Thursday, 03 December 2020

UN in your language

Indigenous people

Individual vs. collective rights

norske samer Karin Beate NøsterudIndigenous peoples have become more visible in the last 50 years, largely due to efforts from within their own communities and organizations. However, it has not been easy for the international community to create legal instruments that would guarantee their autonomy, cultural integrity, protection of their special needs… in general to guarantee their rights. Indigenous peoples are the inheritors and practitioners of unique cultures and ways of relating to other people and to the environment. Indigenous peoples have retained social, cultural, economic and political characteristics that are distinct from those of the dominant societies in which they live. Despite their cultural differences, the various groups of indigenous peoples around the world share common problems related to the protection of their rights as distinct peoples.


Greenland: Oil fortune to fund independence

Grönland Mats HolmströmGreenland, the world’s biggest island could become the first independent country of indigenous people in modern times, if the current search for oil in its territorial waters bears fruit.
Although the Scottish company Cairn Energy did not find oil during drilling in Baffin Bay off the west coast of Greenland in late 2011, it is thought very likely that drilling off the north eastern coast this year will strike oil.
In a self-governing agreement with Denmark in 2009, the Greenlanders were recognized as a distinct people with the right to self-determination and given greater control over potential oil finds.
In practice the agreement can serve as a road map to independence if /when the 57,000 Greenlanders are self-sufficient but for now they are dependent on grants from the state budget of Denmark.
Greenland has been part of the Danish Kingdom for three hundred years but was granted limited sovereignty when home rule was established in 1979.


The Sami of Northern Europe – one people, four countries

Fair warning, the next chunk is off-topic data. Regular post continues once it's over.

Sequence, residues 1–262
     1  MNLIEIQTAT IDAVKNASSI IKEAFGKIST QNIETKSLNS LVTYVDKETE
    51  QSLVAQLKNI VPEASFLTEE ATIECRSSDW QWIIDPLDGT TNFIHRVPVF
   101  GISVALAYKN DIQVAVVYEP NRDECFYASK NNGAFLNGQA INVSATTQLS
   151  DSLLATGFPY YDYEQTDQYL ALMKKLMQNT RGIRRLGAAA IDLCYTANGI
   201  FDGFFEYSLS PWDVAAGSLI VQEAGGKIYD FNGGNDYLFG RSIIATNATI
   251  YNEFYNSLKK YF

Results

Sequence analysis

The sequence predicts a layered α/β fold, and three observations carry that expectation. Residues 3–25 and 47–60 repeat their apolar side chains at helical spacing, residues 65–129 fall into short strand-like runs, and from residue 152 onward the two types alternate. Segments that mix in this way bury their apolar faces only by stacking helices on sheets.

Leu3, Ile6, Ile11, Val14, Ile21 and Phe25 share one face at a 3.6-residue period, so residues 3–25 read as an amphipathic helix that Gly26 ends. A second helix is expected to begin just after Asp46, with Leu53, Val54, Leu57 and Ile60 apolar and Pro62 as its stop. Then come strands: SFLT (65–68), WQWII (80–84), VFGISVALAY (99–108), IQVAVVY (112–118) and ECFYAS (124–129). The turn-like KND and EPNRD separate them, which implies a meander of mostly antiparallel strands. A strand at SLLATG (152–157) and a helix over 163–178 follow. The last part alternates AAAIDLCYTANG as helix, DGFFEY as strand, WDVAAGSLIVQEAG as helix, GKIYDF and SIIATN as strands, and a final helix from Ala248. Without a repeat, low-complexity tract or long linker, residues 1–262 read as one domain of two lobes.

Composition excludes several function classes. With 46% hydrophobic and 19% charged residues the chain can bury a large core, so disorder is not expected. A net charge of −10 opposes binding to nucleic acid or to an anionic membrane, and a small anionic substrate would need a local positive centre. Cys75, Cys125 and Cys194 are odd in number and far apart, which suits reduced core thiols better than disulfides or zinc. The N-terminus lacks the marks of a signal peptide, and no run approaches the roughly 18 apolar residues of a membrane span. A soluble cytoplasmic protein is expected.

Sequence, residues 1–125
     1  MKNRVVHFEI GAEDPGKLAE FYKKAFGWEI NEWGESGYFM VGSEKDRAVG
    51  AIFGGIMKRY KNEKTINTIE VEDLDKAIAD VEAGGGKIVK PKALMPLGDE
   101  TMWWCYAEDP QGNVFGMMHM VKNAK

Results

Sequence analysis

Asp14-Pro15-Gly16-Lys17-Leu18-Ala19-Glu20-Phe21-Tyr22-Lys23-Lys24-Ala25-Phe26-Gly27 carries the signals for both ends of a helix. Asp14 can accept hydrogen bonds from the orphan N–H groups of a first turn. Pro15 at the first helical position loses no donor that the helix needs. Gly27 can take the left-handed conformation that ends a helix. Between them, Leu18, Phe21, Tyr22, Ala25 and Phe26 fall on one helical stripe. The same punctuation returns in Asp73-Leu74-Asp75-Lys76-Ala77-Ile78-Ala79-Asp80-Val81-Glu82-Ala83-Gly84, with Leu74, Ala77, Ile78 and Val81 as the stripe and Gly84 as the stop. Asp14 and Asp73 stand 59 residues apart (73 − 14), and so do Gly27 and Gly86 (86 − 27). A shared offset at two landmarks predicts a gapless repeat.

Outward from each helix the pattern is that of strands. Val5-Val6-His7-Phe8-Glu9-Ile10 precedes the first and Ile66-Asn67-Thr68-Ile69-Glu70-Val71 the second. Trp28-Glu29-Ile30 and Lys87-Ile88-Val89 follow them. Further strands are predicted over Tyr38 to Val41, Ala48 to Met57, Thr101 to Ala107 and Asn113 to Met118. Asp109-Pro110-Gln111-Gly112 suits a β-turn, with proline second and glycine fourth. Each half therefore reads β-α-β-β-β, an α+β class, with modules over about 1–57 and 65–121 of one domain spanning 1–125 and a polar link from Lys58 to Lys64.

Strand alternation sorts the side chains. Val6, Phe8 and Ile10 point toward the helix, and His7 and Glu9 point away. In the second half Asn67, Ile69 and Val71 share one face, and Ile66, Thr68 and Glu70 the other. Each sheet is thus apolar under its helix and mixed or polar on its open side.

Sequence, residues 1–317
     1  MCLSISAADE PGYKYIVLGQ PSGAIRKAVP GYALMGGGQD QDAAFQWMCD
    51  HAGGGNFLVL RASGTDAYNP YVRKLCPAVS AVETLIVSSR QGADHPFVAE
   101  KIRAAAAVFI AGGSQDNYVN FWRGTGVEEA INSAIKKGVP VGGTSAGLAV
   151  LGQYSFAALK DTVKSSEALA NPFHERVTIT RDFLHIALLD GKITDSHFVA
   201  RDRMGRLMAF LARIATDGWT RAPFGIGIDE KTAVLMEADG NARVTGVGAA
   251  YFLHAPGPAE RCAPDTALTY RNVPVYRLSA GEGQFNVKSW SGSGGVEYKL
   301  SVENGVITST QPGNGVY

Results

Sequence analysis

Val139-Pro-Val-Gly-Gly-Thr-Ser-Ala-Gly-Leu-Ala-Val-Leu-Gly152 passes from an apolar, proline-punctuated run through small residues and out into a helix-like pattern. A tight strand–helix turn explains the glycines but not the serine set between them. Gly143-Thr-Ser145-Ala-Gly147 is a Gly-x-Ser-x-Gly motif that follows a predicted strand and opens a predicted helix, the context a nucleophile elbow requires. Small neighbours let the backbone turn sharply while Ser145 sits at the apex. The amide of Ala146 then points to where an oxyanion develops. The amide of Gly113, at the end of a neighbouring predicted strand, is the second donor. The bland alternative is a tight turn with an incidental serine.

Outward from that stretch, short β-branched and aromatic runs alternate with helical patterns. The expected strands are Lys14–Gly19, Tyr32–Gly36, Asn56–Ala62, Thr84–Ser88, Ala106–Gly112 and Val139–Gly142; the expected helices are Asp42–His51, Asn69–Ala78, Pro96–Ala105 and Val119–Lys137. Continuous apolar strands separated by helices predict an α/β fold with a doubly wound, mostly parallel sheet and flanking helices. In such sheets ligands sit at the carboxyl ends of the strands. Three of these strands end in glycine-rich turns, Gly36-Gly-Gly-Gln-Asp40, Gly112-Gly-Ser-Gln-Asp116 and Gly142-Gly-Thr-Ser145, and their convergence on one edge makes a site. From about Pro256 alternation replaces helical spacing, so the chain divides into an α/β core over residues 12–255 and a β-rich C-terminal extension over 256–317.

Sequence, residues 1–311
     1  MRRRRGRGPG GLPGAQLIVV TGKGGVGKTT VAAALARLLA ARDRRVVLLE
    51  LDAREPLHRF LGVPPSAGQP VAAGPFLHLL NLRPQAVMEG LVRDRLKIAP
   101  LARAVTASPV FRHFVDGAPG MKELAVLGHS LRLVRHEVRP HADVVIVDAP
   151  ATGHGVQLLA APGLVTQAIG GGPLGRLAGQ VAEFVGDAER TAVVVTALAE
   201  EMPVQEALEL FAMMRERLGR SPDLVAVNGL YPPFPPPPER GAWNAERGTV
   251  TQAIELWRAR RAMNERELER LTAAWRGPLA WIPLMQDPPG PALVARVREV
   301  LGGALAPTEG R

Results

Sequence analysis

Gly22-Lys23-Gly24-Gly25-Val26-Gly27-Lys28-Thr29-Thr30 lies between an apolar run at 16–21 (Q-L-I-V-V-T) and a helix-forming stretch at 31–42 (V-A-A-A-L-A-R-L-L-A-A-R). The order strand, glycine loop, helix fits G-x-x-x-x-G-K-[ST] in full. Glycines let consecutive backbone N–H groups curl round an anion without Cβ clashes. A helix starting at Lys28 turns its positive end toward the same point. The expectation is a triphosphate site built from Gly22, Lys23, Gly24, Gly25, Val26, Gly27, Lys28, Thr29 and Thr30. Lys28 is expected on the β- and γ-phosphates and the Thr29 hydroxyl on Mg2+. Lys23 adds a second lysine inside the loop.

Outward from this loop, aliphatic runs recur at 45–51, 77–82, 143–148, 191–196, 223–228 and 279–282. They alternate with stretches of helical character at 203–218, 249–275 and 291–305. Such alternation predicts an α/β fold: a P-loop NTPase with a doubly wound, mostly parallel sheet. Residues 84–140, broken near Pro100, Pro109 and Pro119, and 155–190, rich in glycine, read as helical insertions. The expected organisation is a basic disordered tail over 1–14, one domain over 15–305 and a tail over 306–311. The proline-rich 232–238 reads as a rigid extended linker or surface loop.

Sámi UN Photo - John IsaacThere are over 370 million indigenous people in some 90 countries, living in all regions of the world. The Sami are the indigenous people living in the very north of Europe, in Sápmi, which stretches across the northern parts of Norway, Sweden, Finland and the Kola Peninsula. They are a minority in today’s Finland, Russia, Sweden and Norway, but a majority in the innermost parts of Finnmark county in Norway and in the municipality of Utsjoki in Finland. However, although regarded as one people, there are several kinds of Sami based on their patterns of settlement and how they sustain themselves. Furthermore, their rights and general situation differ considerably depending on the nation state within which they live.


Indigenous Peoples in Canada

girl in native dress UN Photo - Evan SchneiderAlthough the term is gaining acceptance, the use of Indigenous Peoples in the Canadian context can be misleading, as it masks their quite intricate and heavily codified status in Canada. Indian collectively describes all the Indigenous Peoples in Canada that are not Inuit or Métis, and can be further divided into Status, Non-Status and Treaty Indians. Only Status Indians are recognized as Indians under the Indian Act and are entitled to specific rights and benefits under the law. To make matters even more complicated, in the Constitution Act of 1982, along with the Canadian Charter of Rights and Freedom, enshrined in the Constitution, Aboriginal Peoples is used to refer to Indians, Inuit and Métis.


3 Questions to Denise Zmekho Director of the film "Children of the Amazon"


  • Considering the diversity of indigenous peoples, an official definition of “indigenous” has not been adopted by any UN-system body. Instead the system has developed a modern understanding of this term based on the following:
    o Self- identification as indigenous peoples at the individual level and accepted by the community as their member.
    o Historical continuity with pre-colonial and/or pre-settler societies
    o Strong link to territories and surrounding natural resources
    o Distinct social, economic or political systems
    o Distinct language, culture and beliefs
    o Form non-dominant groups of society
    o Resolve to maintain and reproduce their ancestral environments and systems as distinctive peoples and communities.

  • It is estimated that there are more than 370 million indigenous people spread across 70 countries worldwide. Practicing unique traditions, they retain social, cultural, economic and political characteristics that are distinct from those of the dominant societies in which they live.

  • Most indicators of well-being show that indigenous peoples suffer disproportionately compared to non-indigenous peoples. Poverty rates are significantly higher among indigenous peoples compared to other groups. While they constitute 5 per cent of the world's population, they are 15 per cent of the world's poor.

  • Of the some 7,000 languages today, it is estimated that more than 4,000 are spoken by indigenous peoples. Language specialists predict that up to 90 per cent of the world’s languages are likely to become extinct or threatened with extinction by the end of the century.